The light is a form of energy which makes objects visible to our eyes.the branch of physics which deals with nature of light, its source, properties, measurements, effects and vision is called optics.

Role of light in day to-day life

  • In our daily life we see many objects.
  • How do we see them? We need light see objects.
  • The objects that give light are called as sources of light.
  • The sun, stars, candle, torch light etc. give us light.
  • When light from these objects reaches our eyes, we are able to see them.
  • Such bodies are called luminous bodies.
  • The light from the luminous bodies falls on the table, chair etc and reaches our eyes.
  • Thus we are able to see them
  • Here table, chair etc. are called non-luminous bodies.
  • The body that emits light of its own is called luminous body.
  • The body that does not emit light of its own is called non-luminous body.
  • Moon is not a luminous body.
  • It is reflects sunlight.
  • Sunlight reaches the earth in 8 minute and 20 second.
  • We should not see the sun directly for a long time.
  • It may affect our eye sight.
  • Light travels in a straight line.

Transparent and opaque objects

  • We are able to see objects clearly through a glass or pure water. So glass and pure water are transparent objects.
  • We cannot see objects through a stone or a ball. The objects which do not allow light to pass through them are called opaque objects. So stone and ball are opaque objects.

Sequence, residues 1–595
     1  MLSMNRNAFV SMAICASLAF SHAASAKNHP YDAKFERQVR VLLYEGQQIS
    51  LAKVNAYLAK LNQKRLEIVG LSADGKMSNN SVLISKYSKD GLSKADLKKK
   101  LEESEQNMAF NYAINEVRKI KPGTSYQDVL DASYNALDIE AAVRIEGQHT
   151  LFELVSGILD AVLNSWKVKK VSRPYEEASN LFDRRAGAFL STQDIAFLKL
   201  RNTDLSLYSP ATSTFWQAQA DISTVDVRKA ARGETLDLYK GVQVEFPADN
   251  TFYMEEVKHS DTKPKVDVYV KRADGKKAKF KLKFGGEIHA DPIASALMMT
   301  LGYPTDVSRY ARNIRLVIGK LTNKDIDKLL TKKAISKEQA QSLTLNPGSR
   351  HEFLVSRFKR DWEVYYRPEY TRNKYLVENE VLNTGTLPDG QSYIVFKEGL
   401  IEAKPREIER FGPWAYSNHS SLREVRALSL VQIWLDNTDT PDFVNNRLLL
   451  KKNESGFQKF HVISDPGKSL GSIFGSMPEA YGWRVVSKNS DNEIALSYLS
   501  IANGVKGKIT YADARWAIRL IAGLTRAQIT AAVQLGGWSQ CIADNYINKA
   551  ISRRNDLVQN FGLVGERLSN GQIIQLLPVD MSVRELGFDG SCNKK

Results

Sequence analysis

• The objects are not clearly seen and appear blurred. The objects which partially allow light to pass through them are called translucent objects. These are translucent objects.
  • When some objects are placed in the path of light, a dark portion is formed on the opposite side of the objects. This dark portion is called shadow.

Lunar eclipse

  • The sun -source of light
  • The Earth -opaque object
  • The Moon -screen
  • When the shadow of earth falls on the moon, the moon is hidden.

Solar eclipse

  • The Sun -source of light
  • The Moos -opaque object
  • The Earth -screen
  • When the shadow of the moon falls on earth the Sun is hidden.


  • We see a variety of object in the world around us. However we are unable to see anything in a dark room.
  • On lighting up the room things becomes visible what makes things visible? During the day sunlight helps us to see object.
  • An object reflects light that falls on it. This reflected light when received by our eyes, enable us to see things.
  • There are a number of common wonderful phenomenon associated with light.
  • In this chapter, we shall study the phenomenon of reflection and refraction of light using the straight line propagation of light.


Laws of reflection of light. Let us recall these laws.

  • The angle of incidence is equal to the angle of reflection, and
  • The incident ray, the normal to the mirror at the point of incidence and the reflected ray, all lie in the same plane.

Regular and Irregular reflections

  • Reflection from a polished surface is called regular reflection.
  • Reflection from a rough (unpolished) surface is called irregular or diffused reflection.
  • In the case of a rough surface, light is not reflected in one direction, it is scattered in all directions. This is called a diffused or irregular reflection.
  • In there any relation between the number of images and the angle between the mirrors?


          Number of  images=                                    -1


  • When the mirrors are placed parallel to each other, maximum number of images will be formed.